Exemplary Schools and Practices from Edutopia

Film producer/director/screenwriter George Lucas believes that the audience for his award-winning website Edutopia is “Everyone with an interest in improving education.”  The site can be a valuable resource for those dedicated to furthering education, especially the classroom teacher.

Edutopia allows you to browse by grade level, core strategies, videos and more, providing information that ranges from introductory to in-depth material.  For example, for integrated studies – combining disciplines to reveal their interrelationships through student collaboration and critical thinking – you can view the 3-minute video An Introduction to Integrated Studies or a 10-minute video Common Sense: An Overview of Integrated Studies and then explore real-life examples.  One such example is an article, Reinvigorating Education in East Oakland with a video illustrating the success of expeditionary learning at the ASCEND School, where the principal says  the best education “teaches students how to ask questions — and how to discover their own answers.”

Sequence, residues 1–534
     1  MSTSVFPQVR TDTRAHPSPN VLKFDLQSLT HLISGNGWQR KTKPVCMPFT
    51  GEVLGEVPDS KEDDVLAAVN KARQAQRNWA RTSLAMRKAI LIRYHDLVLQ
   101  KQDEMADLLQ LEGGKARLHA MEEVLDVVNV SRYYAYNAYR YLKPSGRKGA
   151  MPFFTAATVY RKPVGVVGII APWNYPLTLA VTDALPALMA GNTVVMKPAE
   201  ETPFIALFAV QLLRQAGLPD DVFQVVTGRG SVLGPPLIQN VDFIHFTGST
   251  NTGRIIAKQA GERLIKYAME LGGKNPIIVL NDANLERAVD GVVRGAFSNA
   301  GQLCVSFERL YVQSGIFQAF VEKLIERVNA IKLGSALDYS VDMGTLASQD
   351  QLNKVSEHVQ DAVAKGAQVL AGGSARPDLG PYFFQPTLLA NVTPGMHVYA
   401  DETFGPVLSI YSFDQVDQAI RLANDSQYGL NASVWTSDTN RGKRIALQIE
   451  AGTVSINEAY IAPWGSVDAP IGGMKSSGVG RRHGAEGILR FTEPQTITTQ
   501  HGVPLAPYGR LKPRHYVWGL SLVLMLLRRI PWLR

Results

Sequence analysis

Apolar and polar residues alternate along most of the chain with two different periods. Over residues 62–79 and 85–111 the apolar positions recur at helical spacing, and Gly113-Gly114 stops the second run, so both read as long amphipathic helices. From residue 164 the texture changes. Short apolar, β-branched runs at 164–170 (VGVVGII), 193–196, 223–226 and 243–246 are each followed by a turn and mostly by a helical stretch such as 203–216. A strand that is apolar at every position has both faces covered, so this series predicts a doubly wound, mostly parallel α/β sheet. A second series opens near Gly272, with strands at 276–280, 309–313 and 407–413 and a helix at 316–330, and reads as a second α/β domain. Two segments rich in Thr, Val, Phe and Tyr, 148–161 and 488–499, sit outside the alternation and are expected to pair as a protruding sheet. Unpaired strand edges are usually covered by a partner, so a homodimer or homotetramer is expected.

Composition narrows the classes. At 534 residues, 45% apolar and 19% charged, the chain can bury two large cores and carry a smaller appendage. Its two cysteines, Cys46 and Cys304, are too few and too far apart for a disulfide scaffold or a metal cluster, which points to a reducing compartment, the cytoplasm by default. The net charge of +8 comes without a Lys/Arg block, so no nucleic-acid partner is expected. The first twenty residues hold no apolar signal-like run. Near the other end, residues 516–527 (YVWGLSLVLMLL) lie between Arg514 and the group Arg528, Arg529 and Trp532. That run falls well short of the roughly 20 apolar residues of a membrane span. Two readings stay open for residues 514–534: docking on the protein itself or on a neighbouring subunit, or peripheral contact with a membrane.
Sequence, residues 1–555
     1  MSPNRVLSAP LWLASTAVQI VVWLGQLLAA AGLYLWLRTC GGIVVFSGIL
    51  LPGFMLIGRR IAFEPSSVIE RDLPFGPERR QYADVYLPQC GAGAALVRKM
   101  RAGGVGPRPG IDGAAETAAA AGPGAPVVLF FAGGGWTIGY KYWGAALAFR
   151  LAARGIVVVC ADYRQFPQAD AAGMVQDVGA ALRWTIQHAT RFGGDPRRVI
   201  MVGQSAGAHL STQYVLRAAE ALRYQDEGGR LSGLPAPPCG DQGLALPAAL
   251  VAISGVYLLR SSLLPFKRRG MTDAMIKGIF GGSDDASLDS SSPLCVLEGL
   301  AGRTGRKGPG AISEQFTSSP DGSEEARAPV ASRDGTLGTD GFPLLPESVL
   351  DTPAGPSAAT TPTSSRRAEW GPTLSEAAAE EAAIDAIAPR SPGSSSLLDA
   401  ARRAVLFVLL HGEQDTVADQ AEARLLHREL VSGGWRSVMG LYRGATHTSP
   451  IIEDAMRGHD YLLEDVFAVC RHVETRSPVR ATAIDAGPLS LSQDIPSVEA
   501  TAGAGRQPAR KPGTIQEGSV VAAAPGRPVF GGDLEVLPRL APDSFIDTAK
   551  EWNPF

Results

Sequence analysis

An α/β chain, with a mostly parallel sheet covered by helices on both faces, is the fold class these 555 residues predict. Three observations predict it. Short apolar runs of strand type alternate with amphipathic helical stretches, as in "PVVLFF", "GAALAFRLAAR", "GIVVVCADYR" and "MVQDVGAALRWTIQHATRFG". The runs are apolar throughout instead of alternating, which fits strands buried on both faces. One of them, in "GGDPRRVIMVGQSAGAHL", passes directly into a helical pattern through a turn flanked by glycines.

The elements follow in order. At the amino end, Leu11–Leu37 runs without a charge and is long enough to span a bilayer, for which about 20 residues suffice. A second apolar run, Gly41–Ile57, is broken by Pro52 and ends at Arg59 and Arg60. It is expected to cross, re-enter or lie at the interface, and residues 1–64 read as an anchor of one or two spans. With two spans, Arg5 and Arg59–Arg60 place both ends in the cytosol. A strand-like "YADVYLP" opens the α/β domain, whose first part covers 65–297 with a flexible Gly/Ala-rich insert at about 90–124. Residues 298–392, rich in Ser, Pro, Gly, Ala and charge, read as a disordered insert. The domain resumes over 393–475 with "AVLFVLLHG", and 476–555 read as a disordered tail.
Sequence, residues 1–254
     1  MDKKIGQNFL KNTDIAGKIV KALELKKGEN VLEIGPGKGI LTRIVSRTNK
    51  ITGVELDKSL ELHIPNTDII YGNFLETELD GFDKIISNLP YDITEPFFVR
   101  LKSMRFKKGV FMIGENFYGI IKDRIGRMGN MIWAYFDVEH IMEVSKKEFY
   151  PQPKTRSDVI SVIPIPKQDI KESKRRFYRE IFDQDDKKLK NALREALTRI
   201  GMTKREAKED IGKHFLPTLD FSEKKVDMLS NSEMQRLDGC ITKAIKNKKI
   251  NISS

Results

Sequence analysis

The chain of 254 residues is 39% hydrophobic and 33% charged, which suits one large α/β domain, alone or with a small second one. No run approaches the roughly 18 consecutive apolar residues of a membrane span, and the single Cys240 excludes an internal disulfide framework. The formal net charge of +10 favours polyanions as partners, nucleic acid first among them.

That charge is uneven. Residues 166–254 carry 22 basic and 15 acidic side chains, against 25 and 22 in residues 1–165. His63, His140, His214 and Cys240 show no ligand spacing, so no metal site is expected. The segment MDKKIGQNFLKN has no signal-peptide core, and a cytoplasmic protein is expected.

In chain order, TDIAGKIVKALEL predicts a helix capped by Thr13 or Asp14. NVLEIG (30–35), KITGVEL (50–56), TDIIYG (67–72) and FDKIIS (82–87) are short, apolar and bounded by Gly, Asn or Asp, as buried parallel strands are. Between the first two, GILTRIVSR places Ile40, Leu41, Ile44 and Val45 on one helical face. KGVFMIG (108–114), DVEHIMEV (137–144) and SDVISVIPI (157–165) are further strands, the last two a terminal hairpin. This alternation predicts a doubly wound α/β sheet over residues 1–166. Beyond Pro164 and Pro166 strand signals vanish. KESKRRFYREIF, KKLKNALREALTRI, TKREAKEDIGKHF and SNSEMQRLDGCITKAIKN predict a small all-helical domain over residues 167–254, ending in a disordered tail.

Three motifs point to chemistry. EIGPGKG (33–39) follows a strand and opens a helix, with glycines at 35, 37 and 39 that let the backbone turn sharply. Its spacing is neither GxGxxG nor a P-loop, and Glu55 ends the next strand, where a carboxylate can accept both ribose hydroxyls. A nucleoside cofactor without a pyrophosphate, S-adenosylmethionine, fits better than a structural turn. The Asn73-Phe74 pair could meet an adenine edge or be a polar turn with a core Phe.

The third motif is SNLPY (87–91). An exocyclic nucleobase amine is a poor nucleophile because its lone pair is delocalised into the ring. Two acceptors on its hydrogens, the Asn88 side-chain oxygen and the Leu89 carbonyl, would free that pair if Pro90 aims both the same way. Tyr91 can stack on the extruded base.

Another of the exemplary schools featured on Edutopia is Houston’s YES Prep, with the “cornerstone values of hard work, proactive thinking, honesty, and patience to life.”  Heavily invested in finding the best new teachers, the school hired consultants to identify their own teachers’ personalities to help in screening new teachers.  These seven attributes comprise the quiz Super Teacher Traits, which you might want to take.

Innovative Learning: Khan Academy

In a recently published NY Times article entitled Online Learning, Personalized we can see a paradigm for innovative learning in classrooms.  The article begins by describing a charter school classroom in California where a mathematics teacher views students’ individual work on a laptop while moving about the room interacting one-on-one.

Students are using software created by Salman Khan, Harvard-trained son of an immigrant single mother, whose Khan Academy math and science lessons on YouTube garner 3.5 million viewers a month.  Mr. Khan would like these digital lessons integrated into school curriculum and more than 36 schools have signed on, with lessons and software completely free to anyone with Internet access.